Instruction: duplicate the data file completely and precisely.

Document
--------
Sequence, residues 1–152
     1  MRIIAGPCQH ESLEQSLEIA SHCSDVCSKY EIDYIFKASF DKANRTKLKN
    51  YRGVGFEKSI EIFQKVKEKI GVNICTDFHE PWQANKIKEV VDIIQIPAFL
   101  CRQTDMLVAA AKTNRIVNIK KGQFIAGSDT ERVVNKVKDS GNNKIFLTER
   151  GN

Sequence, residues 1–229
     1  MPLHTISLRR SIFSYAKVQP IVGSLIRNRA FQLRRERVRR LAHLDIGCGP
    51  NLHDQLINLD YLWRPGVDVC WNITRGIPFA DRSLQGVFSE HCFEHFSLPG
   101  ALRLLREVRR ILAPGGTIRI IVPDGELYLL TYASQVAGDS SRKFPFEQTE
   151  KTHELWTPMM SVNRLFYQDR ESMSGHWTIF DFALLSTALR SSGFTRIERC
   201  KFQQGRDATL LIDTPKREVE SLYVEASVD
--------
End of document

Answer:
Sequence, residues 1–152
     1  MRIIAGPCQH ESLEQSLEIA SHCSDVCSKY EIDYIFKASF DKANRTKLKN
    51  YRGVGFEKSI EIFQKVKEKI GVNICTDFHE PWQANKIKEV VDIIQIPAFL
   101  CRQTDMLVAA AKTNRIVNIK KGQFIAGSDT ERVVNKVKDS GNNKIFLTER
   151  GN

Sequence, residues 1–229
     1  MPLHTISLRR SIFSYAKVQP IVGSLIRNRA FQLRRERVRR LAHLDIGCGP
    51  NLHDQLINLD YLWRPGVDVC WNITRGIPFA DRSLQGVFSE HCFEHFSLPG
   101  ALRLLREVRR ILAPGGTIRI IVPDGELYLL TYASQVAGDS SRKFPFEQTE
   151  KTHELWTPMM SVNRLFYQDR ESMSGHWTIF DFALLSTALR SSGFTRIERC
   201  KFQQGRDATL LIDTPKREVE SLYVEASVD